First published in the Financial Times on 21st October 2014.
The sheer variety and ingenuity of schemes that are seeking backing is inspirational
The two main reasons would-be entrepreneurs give me as to why they haven’t started a business are fear of failure and lack of capital. But I think a solution is at hand – at least for the latter problem, anyway.
There is a revolution taking place in the financing of small companies. In the words of George Osborne, UK chancellor of the exchequer, crowdfunding – raising money from a large number of backers via the web – represents the “dawn of a new era” in how start-ups raise capital.
It really is a transformational tool. The number of projects capitalised in this manner is growing at an exponential rate – hundreds are being launched and funded every day. Globally, crowdfunding appears to be doubling every 60 days. For almost anyone wanting to raise the money to start a business or a social enterprise, I would advise them to investigate the crowdfunding route very seriously.
It must be said that most of the schemes being promoted on the many funding platforms are high risk. And some of the busiest platforms, such as Kickstarter and Indiegogo, do not offer subscribers shares, but rewards. In theory most ventures posted are in the nature of social campaigns and non-profit undertakings. But many are clearly companies: Oculus Rift, which raised $2.4m in 2012 on Kickstarter, sold out to Facebook for $2bn.
The fact that quite a high proportion of projects are for plays, books, films and music albums reflects the struggle many artists have in bringing their dreams to life. Now they can access online channels to solicit pledges for their creative endeavours. I have friends who have financed novels and musicals using Unbound and Crowdcube. Before crowdfunding, these might never have appeared – or taken many years to receive the necessary cash. Other platforms specialise in certain sectors. The Trillion Fund targets renewable energy, Property Crowd raises money for real estate projects, Hubbub finances educational ventures, and Gambitious supports independent game developers.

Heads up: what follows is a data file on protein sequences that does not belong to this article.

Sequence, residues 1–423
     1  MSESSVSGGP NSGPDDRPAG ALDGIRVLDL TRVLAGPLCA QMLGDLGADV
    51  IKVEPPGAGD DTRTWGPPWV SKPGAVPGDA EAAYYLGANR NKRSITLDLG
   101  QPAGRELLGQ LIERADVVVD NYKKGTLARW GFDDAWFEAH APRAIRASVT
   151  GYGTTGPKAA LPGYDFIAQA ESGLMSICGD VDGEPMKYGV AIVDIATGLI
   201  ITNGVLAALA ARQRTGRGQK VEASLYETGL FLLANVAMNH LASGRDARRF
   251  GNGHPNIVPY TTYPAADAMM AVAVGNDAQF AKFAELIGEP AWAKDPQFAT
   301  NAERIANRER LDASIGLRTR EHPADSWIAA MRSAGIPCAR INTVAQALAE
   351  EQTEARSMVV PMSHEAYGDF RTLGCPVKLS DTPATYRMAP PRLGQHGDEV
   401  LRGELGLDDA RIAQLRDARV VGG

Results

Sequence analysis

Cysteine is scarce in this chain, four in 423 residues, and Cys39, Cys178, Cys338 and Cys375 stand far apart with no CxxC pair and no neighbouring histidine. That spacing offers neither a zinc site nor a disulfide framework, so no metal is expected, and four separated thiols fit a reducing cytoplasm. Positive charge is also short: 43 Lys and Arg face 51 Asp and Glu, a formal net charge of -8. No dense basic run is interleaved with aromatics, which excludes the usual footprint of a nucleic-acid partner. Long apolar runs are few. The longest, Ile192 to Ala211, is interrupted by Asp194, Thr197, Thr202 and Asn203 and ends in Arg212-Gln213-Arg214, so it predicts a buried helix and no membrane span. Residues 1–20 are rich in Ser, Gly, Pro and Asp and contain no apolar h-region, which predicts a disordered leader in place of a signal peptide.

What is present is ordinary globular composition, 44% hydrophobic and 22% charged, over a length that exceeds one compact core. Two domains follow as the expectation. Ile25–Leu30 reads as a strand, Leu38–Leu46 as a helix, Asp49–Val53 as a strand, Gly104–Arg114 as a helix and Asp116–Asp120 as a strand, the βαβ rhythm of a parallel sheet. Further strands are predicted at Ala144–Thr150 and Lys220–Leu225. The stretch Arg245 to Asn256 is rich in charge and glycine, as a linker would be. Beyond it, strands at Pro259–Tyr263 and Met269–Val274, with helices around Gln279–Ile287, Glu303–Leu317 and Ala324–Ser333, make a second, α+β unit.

Meanwhile established companies are being advertised too. On Seedrs, a platform in which I’m a shareholder, an English sparkling wine producer called Chapel Down raised almost £4m recently from 1,400 investors. Discounts and special offers were also given to backers. The prospectus for this size of business was much more professional than most; but the board still employed a video to help sell the fundraising.
Part of the explanation for the sudden expansion of crowdfunding is very low interest rates. Investors are receiving poor returns on bank deposits, so they are searching around for other places to put their savings. Of course, punting money in crowdfunded projects is much more dangerous than leaving it in the bank – but also more exciting. Moreover there is no doubt that this novel form of finance means more new ventures, more job creation and more innovation. The sheer variety and ingenuity of schemes that are seeking backing is inspirational. Crowdfunding enables communities to come together and pursue good causes.
Institutional venture capital is expensive, scarce and generally rather risk averse. Experienced angel investors are much more plentiful than they were, but there are still too few of them. Bank lending is simply not the right type of capital to initiate most new enterprises. So there has always been a shortage of capital for seeding early stage ideas. This new digital ecosystem of microfinance is democratic, low cost and quick.
Inevitably, crowdfunding was pioneered in the US, but because of a legal logjam, the market there is semi-paralysed. This has enabled London to claim the crown as the world’s crowdfunding capital, thanks to light regulation and tax breaks.
Crowdfunding cannot offer the experience, mentorship and connections that veteran investors provide. Weak ideas will still fail to find the necessary backing. And many crowdfunded projects will go broke. But as an alternative to the traditional forms of finance for cash-strapped ventures, it represents a real breakthrough. It is a powerful boost to the environment for entrepreneurs – and creators generally. I believe in the years to come, crowdfunding will yield great economic benefits for its leading proponents, including the UK and the US.